7. Targeting Macrophages at Metastatic Sites

Despite advances in cancer treatment, surgical removal of a tumour is still considered the best treatment if possible. Surgery is often complemented with systemic chemotherapy treatment before (neoadjuvant) or after (adjuvant) surgical resection. Neoadjuvant chemotherapy aims to reduce tumour burden, thereby allowing surgical intervention, whereas adjuvant chemotherapy is standard of care treatment and aims to eliminate residual cancer cells at the surgical site or clinically undetectable metastatic deposits. However, this treatment may fail due to niche-mediated survival at either site [60]. From that point of view it might be beneficial to target the prometastatic stromal compartment, including macrophages in combination with current cytotoxic regimens, which mainly target cancer cells. Indeed, several inhibitors of the CSF1-CSF-1R or CCR2-CCL2 signalling axes have shown therapeutic benefits in mouse models of pancreatic and breast cancer, both in combination and without chemotherapeutical agents [28, 78] and in clinical settings [90, 92, 98]. However, further work must determine the optimal treatment conditions, since cessation of treatment may have detrimental effects as recently demonstrated for anti-CCL2 antibodies. Experimental neutralisation of CCL2 with anti-CCL2 antibodies in mouse models of breast cancer metastasis, although limiting early metastatic processes, promoted metastasis following the cessation of therapy. Ending treatment increased the mobilization of inflammatory monocytes and their recruitment to micrometastatic deposits, which increased angiogenesis and metastatic proliferation through VEGF-A and IL-6 [99]. For patients with inoperable disease, systemic treatment is the only available treatment, but efficiency is limited by development of drug resistance [60]. In a breast cancer model, CXCL1/2 is produced by cancer cells and serves as a chemoattractant for myeloid cells that are recruited to the lungs, where they produce S100A8/9 to enhance cancer cell survival at the metastatic site. Treatment of mice with the chemotherapeutic agents Doxorubicin and Cyclophosphamide enhanced the CXCL1-S100A8/9 axis. Interestingly, this amplification was due to the direct effect of chemotherapy on endothelial cells and fibroblasts that produced TNFα to stimulate further CXCL1/2 production from the cancer cells [100]. Treatment with anti-CSF-1R antibodies reprograms macrophages in a glioma mouse model to a M1-phenotype and limits tumour growth. However, macrophages in the tumour microenvironment became refractory to the effect of anti-CSF1R antibodies resulting in regrowth of glioma tumours. This was caused by IGF1 production from macrophages stimulated with CD8+ T cell-derived IL-4 [91, 101]. Furthermore, treatment with neutralising anti-CSF-1R or anti-CSF1 antibodies can lead to a compensatory increase in granulocyte colony stimulating factor (CSF3), which stimulates an increase in neutrophils at the primary tumour site and in metastatic deposits. The increased neutrophil accumulation results in increased metastatic development, which could be prevented by the addition of a neutralising anti-CSF3 antibody in combination with the anti-CSF1 antibody [102].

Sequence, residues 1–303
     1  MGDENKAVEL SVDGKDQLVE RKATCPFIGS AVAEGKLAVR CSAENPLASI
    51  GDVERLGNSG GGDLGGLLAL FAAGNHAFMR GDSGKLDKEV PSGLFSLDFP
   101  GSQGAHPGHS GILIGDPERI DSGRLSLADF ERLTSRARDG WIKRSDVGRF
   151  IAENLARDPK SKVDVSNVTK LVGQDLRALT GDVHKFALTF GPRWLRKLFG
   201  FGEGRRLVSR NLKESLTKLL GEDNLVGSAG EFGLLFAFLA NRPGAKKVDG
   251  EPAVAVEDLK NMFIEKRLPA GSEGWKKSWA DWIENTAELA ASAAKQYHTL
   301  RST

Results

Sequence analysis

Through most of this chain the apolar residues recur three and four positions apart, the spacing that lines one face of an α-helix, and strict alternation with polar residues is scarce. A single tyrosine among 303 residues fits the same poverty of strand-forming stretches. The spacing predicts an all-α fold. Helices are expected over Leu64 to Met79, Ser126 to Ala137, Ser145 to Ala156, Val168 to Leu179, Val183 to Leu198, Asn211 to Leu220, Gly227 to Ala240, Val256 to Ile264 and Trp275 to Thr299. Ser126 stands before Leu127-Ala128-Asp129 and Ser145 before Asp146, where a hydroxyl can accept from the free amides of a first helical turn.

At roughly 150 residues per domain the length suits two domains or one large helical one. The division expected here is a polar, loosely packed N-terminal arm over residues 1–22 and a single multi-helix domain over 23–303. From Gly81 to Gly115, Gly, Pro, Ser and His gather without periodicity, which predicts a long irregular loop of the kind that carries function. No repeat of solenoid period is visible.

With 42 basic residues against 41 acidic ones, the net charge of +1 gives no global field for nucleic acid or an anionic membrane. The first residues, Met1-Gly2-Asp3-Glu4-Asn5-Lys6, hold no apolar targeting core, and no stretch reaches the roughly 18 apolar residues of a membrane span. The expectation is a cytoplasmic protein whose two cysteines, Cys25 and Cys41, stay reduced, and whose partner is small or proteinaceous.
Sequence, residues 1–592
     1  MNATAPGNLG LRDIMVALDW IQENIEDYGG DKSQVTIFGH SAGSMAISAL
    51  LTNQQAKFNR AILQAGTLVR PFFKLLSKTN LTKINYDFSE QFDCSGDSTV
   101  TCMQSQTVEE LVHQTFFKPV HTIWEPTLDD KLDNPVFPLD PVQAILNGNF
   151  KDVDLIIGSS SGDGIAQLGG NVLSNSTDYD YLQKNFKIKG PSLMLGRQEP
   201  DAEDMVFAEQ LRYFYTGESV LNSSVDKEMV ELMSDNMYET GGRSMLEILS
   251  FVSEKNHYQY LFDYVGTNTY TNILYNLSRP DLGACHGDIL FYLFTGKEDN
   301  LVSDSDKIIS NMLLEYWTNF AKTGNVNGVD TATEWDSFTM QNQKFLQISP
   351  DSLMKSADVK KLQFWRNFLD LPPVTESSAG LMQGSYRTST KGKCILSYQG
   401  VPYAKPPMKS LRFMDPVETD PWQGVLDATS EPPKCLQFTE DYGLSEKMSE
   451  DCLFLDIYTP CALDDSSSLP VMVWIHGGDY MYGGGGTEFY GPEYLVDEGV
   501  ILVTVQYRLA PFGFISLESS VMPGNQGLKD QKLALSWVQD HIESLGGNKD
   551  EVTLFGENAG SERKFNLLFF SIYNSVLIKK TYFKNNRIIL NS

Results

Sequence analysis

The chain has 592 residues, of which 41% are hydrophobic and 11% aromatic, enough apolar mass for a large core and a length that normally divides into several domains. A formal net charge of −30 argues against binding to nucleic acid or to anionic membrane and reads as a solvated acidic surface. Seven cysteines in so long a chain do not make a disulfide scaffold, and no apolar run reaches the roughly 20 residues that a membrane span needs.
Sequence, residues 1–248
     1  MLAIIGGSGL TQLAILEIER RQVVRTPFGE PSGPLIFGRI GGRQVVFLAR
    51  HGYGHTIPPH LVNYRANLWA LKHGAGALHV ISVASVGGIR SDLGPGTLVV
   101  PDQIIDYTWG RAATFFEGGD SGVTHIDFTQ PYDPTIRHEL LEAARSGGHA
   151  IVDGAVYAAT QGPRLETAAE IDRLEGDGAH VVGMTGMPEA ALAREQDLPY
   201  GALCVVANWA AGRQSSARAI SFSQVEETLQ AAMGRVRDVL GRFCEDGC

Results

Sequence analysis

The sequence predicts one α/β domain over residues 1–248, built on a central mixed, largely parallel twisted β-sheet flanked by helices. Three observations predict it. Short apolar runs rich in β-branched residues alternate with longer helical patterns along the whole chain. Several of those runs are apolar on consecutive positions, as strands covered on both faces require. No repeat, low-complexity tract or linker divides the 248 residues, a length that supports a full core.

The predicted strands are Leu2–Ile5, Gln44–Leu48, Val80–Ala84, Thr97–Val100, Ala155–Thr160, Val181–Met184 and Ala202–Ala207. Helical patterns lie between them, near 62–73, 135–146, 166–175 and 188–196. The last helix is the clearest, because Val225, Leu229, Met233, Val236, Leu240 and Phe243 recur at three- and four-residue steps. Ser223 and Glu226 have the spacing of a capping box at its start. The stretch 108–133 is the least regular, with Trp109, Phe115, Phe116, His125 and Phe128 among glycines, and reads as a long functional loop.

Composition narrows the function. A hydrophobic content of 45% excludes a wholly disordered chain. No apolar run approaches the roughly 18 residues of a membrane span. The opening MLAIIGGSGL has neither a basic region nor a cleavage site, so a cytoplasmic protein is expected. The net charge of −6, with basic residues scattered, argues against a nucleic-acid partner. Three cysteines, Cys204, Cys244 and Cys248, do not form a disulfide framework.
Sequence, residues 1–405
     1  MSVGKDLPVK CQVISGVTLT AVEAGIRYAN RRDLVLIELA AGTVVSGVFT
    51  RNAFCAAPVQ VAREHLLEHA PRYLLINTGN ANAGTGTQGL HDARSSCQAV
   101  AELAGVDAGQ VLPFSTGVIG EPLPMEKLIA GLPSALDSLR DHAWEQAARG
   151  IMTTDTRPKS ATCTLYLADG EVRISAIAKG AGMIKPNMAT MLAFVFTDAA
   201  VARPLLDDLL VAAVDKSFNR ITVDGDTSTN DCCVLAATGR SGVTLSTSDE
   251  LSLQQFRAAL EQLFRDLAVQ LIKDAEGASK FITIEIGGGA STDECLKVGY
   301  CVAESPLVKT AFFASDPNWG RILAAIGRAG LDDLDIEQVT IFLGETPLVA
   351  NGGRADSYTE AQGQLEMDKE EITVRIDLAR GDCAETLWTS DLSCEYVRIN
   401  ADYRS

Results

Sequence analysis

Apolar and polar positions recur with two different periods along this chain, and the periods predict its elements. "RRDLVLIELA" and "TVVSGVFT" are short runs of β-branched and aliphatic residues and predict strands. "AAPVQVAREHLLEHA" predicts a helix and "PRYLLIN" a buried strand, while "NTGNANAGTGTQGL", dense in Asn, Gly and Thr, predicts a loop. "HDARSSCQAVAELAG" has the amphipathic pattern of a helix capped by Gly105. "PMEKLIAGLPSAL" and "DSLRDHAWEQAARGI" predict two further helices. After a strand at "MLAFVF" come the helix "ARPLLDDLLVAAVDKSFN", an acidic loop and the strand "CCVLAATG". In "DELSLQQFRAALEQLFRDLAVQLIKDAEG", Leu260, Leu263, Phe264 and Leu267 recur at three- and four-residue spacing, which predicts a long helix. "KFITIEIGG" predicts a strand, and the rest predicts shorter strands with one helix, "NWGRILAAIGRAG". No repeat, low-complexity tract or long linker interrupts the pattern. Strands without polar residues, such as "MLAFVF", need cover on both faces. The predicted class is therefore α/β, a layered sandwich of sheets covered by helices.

It was believed that directing the tumour microenvironment might serve as a more promising therapeutic target than the cancer cells compartment due to decreased likelihood of developing therapeutic resistance through mutations in the targeted cells with the tumour microenvironment. These reports stress the need for more research into the role of cells in the tumour microenvironment, especially the macrophages, both in response to targeted therapies and without.

8. Future Directions

Macrophages are essential components of all mammalian tissues where they perform a variety of supportive functions that reaches beyond their classical functions as antimicrobial phagocytes. However, the molecular mechanism of how the origin of macrophages and their tissue specificity affect their tumour promoting and/or tumour suppressive functions still remains poorly understood. Macrophages have high plasticity and their biological functions can differ markedly based on their organ/tissue specificity. Transcriptional factors have been identified that control the differentiation of progenitor cells into macrophage, while different transcriptional factors can be induced in an organ-specific manner, thereby regulating macrophage identity relative to their ascribed function within that organ. It will be interesting to further characterise the relative contribution of transcriptional programs induced by tissue-derived signals versus signals regulated by a functional demand in the tumour microenvironment (such as hypoxia or tumour-derived signals). This might be particularly important for certain cancer types and could possibly reveal new tumour-promoting mechanisms and offer new therapeutic targets to inhibit protumourigenic macrophages.

We and others have described different mechanisms of how metastasis-associated macrophages promote metastasis by mediating cancer cell extravasation, stimulating cancer cell survival signalling pathways, and inducing metastatic niche formation at the secondary site after tumour cell dissemination. Tissue-resident macrophage populations seem to play a role in the initial phase of the premetastatic niche formation, but their role in metastatic progression at the secondary site remains unexplored.

While macrophages remain a promising therapeutic target in multiple cancer types, recent reports concerning acquired resistance in different tumours to therapeutic agents that specifically target macrophages, such as anti-CCL2/CCR2 or anti-M-CSFR, highlight that it will be important to characterise potential resistance mechanisms when we develop agents that target macrophages in the tumour microenvironment.

Competing Interests

The authors declare that there is no conflict of interests regarding the publication of this paper.


These studies were supported by grants from Medical Research Council, North West Cancer Research, and Pancreatic Cancer Research Funds (all to Michael C. Schmid) and the National Institute for Health Research Biomedical Research Unit funding scheme through a NIHR Pancreas BRU/Cancer Research UK Ph.D. fellowship (Sebastian R. Nielsen).